With the newly coined concept of "preemptive war," embedding of war journalists, and the quasi-legal extension of American military tours of duty, there is no better time than now for a stage adaptation of Joseph Heller's darkly brilliant book, which spawned a heralded film adaptation by director Mike Nichols. This adaptation—involving 12 actors taking on 40 roles in Heller's World War II tale of moral bankruptcy, bureaucratic mayhem, and spiritual dissolution—sets itself a tall order, encapsulating an iconic book via scores of short scenes. And when it works, it is a delight.
Captain Joseph Yossarian (Robert Gantzos), a bombardier, wants to get out of the military as because his insane commander keeps increasing bombing runs to get himself bumped up to general. Along the way, Yossarian is psychologically strafed by such whack jobs as conniving mail clerk Wintergreen (a brilliantly quirky Matt J. Popham); Nurse Duckett (a lovely Larisa Miller), who alternately adores him and tells him she wants to marry a doctor; and an ineffectual and terrified chaplain (an endearing Gary Cearlock). Many of the players essay numerous roles, and Popham, Miller, and Cearlock are particularly adept.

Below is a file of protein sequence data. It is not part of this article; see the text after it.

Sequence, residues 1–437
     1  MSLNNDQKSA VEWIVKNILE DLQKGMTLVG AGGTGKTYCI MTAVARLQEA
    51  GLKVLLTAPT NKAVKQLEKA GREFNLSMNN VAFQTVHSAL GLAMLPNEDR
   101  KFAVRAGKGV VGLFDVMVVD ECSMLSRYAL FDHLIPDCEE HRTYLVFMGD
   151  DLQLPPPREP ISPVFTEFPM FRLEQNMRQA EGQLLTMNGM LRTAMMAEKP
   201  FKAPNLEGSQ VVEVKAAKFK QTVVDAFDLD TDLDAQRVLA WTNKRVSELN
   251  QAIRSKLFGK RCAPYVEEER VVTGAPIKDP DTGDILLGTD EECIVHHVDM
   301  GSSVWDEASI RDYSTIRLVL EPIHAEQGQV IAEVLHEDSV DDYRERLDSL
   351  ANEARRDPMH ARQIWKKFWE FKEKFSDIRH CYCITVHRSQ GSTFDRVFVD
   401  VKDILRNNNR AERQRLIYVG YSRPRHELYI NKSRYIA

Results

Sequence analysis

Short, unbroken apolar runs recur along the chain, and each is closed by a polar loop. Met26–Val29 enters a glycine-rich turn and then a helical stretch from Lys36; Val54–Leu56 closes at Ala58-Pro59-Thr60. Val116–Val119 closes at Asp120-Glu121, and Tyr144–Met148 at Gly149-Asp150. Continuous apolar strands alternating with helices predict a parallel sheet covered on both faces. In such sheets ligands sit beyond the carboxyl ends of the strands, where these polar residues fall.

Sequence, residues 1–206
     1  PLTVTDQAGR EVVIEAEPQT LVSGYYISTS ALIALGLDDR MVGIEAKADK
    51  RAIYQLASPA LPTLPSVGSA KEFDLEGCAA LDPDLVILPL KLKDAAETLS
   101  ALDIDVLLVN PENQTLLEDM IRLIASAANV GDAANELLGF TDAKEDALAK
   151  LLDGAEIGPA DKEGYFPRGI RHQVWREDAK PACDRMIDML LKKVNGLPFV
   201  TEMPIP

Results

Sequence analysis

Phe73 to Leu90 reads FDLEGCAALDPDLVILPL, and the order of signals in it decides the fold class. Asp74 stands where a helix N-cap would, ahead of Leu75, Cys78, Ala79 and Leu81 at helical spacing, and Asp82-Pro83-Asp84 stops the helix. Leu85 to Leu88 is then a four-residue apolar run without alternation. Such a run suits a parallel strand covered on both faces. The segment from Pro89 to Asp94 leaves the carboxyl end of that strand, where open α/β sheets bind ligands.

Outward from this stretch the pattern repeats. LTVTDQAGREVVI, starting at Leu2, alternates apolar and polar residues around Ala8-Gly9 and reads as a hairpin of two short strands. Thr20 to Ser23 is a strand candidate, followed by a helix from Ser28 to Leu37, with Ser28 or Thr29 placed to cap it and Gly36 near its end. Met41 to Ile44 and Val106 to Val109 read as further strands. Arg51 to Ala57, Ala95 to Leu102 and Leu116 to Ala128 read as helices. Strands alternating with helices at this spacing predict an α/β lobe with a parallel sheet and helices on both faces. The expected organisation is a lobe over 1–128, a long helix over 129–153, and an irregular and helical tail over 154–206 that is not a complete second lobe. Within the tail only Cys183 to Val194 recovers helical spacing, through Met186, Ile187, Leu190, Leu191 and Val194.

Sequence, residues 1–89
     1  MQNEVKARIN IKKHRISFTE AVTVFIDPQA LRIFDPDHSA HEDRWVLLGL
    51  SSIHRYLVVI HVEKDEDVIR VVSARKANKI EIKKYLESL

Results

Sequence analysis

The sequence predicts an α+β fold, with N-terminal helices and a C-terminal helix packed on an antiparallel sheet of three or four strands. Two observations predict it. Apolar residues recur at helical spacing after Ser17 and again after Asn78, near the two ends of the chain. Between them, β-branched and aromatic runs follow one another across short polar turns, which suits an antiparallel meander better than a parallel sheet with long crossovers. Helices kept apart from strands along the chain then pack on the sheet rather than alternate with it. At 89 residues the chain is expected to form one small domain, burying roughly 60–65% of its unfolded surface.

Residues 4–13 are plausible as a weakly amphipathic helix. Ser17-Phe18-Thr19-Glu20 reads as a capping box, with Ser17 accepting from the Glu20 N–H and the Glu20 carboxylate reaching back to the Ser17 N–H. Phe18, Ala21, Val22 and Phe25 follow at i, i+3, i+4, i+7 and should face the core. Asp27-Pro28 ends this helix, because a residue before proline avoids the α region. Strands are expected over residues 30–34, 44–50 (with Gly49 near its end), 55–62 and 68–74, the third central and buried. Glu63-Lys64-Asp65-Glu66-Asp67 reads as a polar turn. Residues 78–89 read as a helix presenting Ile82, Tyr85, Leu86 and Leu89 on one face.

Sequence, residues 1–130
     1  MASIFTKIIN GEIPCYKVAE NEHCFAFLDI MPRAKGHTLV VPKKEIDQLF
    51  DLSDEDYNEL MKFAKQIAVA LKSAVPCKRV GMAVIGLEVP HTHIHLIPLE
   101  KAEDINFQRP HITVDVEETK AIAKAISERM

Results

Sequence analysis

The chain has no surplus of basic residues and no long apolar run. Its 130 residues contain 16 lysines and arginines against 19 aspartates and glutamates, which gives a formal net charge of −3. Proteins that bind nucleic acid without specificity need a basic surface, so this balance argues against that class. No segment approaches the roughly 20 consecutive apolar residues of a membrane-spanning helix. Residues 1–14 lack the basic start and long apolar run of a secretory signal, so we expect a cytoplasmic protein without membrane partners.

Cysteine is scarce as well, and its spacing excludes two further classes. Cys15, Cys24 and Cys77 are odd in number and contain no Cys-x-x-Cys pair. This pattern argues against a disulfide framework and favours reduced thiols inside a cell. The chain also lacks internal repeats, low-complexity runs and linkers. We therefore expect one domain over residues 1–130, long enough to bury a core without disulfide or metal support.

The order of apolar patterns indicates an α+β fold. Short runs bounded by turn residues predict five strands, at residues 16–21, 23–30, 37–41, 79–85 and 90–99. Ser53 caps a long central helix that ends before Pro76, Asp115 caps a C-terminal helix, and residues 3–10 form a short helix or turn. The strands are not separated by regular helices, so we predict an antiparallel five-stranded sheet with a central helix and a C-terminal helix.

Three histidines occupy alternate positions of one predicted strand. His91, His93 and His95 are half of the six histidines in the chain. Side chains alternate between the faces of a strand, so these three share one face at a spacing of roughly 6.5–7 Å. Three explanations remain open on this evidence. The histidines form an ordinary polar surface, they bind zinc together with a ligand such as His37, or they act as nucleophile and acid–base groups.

But director Claudia Jaffee urges the performers to not only move at breakneck speed but also move toward cartoonishness in their depictions. The more somber moments, which are too few and not interspersed evenly, are quite welcome amid this strident approach. Heller's powerfully absurdist moments still ring true, as when Yossarian decides, "I'd rather die than be killed," or is told by an abandoned old Italian woman, after being given cash to live on, "Money is not enough." It is a tall order making this sprawling, hilarious, and devastating book work onstage, and while the mission is not fully accomplished, there are direct hits that leave a major impact.
"Catch-22," presented by and at West Coast Ensemble, 522 N. La Brea Ave., L.A. Fri.-Sat. 8 p.m., Sun. 3 p.m. Oct. 1-Nov. 21. $20-22. (323) 525-0022.